The silhouette is familiar. With weaves of carbon fiber covering almost every external surface, the Porsche 935/19 cuts an unmistakable shape. Like a black hole, it absorbs light and emits it judiciously.
No chrome bits compete for attention. The car has presence. It has a sense of occasion. It is unlike any other modern-day Porsche 911 variant, but wears its roots proudly.
The Origins of the Porsche 935/19
The 935/19 was introduced in September 2018 at the Rennsport Reunion at Laguna Seca Raceway under the California sunshine. “Project Flatnose” had been a closely kept secret, even to most within Porsche. The long-tail racer adorned in classic Martini colors was a stunner. No enthusiast needed to see a badge on the nose to identify it as a Porsche.
Porsche Motorsport created the car as a gift to its enthusiast community in honor of the marque’s 70th birthday. The purist project had no requirement to meet road regulations or race series rulebooks.
Instead, a design team led by the talented and experienced Grant Larson was granted freedom to create a track-day special. Those designers were embedded with the Porsche Motorsport team to ensure close alignment between design and engineering.
Overview of the Porsche 935/19
The 935/19 straddles the Porsche family tree branches between road and race. The project recalls an era of automotive manufacturing when wealthy clients purchased a base car and relied on a coachbuilder to drape it in dramatic bodywork.
A Porsche 911GT2 RS Clubsport lurks beneath the 935/19, a starting point that already stretches the limits of the 911 platform. The identical mechanical underpinnings give 935/19 owners a proven twin-turbo 3.8 liter flat six-cylinder engine and its 700 horsepower.
Production was capped at 77 units—all were sold and delivered to their new owners. The premium for exclusivity? More than USD$300,000 above a standard GT2 RS Clubsport—which itself is a significant premium above a “regular” non-clubsport GT2 RS.
Porsche preliminarily quoted prospective buyers for the 935/19 a price of €701,948 (USD$785,998) before tax with delivery in Germany. These numbers did not include options or added costs (which drove the price higher), such as a heritage livery wrap, an extra passenger seat, drink bottle system, radio, extra spares, and shipping. Porsche also hosted an optional event in Portugal at the Portimão Circuit to introduce owners to their new cars.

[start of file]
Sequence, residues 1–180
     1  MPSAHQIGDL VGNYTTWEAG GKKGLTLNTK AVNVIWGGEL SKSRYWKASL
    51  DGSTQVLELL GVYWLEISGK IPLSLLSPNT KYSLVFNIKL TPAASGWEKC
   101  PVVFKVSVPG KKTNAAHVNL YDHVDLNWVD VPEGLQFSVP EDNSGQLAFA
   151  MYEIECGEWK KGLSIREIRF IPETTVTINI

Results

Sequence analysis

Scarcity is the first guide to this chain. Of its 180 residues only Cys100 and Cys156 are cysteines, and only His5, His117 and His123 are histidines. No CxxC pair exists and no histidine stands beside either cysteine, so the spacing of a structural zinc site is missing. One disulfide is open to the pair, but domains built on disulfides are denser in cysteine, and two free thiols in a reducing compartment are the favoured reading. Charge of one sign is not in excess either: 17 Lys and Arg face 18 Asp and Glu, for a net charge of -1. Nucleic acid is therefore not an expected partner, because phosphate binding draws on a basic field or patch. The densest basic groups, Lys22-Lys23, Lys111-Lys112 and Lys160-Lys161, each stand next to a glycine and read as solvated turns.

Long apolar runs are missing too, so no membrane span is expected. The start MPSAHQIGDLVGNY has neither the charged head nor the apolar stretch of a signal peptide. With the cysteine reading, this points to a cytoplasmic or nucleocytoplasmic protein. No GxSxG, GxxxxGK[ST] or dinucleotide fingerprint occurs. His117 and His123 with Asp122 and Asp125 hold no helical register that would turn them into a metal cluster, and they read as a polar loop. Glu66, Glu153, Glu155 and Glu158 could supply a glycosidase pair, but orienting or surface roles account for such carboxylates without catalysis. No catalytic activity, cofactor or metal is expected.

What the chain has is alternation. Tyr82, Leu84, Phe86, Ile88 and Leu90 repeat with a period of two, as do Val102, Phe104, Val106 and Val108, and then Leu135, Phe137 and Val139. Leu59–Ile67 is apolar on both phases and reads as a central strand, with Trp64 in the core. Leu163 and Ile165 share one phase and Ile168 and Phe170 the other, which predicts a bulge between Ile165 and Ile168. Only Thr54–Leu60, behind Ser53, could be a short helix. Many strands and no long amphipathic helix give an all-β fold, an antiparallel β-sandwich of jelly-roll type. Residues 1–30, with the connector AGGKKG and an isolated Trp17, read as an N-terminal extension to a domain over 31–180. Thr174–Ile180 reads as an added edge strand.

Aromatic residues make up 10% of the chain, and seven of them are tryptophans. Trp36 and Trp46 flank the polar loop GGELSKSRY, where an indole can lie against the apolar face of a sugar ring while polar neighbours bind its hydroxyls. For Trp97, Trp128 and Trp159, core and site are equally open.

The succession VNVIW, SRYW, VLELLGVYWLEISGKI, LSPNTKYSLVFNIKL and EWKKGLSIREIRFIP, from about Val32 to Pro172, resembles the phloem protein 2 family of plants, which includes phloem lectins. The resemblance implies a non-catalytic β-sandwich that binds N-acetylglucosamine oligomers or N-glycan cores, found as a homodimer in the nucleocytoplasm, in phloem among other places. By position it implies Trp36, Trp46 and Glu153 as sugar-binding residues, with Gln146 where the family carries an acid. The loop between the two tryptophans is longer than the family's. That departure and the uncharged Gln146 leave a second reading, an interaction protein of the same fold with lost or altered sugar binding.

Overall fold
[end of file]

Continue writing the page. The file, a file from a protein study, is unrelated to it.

Inspiration for the Porsche 935/19
Why base a modern track-day special on the mighty 935 that roamed race tracks four decades earlier? The racing 935 earned its place in motorsport record books and Porsche lore in the late 1970s and early 1980s.
Unlike the Porsche 934 which retained a tenuous link to the showroom 911 turbo, the 935 exploited the FIA Group 5 racing rulebook and became its own beast. The rulebook was fertile ground for Norbert Signer and the Porsche racing team. Chiefly it required that cars maintain the silhouette of its base production model, effectively keeping the doors and windows and leaving everything else open.
Works Porsche 935 cars emerged in 1976 and were developed through wind tunnel time, turbo tinkering, weight reductions, brake development, and competition testing. At the time, cars like the BMW CSL were making the most of turbo power, and Porsche wouldn’t have that.
The 935 became known for its fire-breathing twin turbo flat six-cylinder engine. The turbo power was not immediate. Drivers adapted their technique to manage the pause between “foot to the floor” and “hurtling toward the horizon”—also known as turbo lag.
The most distinctive feature of the 935 was Herr Singer’s famous slant nose. Initially, the 935 had a more traditional 911 headlight placement, but the “flachbau” (flat nose) removed the headlamps and reprofiled the nose.
Front-engine competitors couldn’t follow-suit. Streamlined bodywork was a game changer as a matter of engineering merits, but also as a matter of Porsche styling. An enormous rear wing and boxy (rather than rounded) rear wheel arches completed the distinctive 935 look.
Porsche 935 Variants: Kremer, Joest, & Others
Porsche entrusted works entries of the 935/76 to the hands of pilots Jürgen Barth, Jochen Mass and Jacky Ickx. Close customer Kremer ran a slightly modified version of the 935 that it dubbed the K1. In 1977, the 935 expanded its global footprint. To distinguish them, works cars were known as 935/77 while cars sold to private customers were known as 935/77A.
Demand for factory 935 racers exceeded supply. Kremer filled the gap with their own run of adaptations, and over time, Kremer cars shared fewer and fewer common parts with the “original” 935. Among numerous successes, the Kremer K3 claimed top honors at the 1979 24 Hours of LeMans.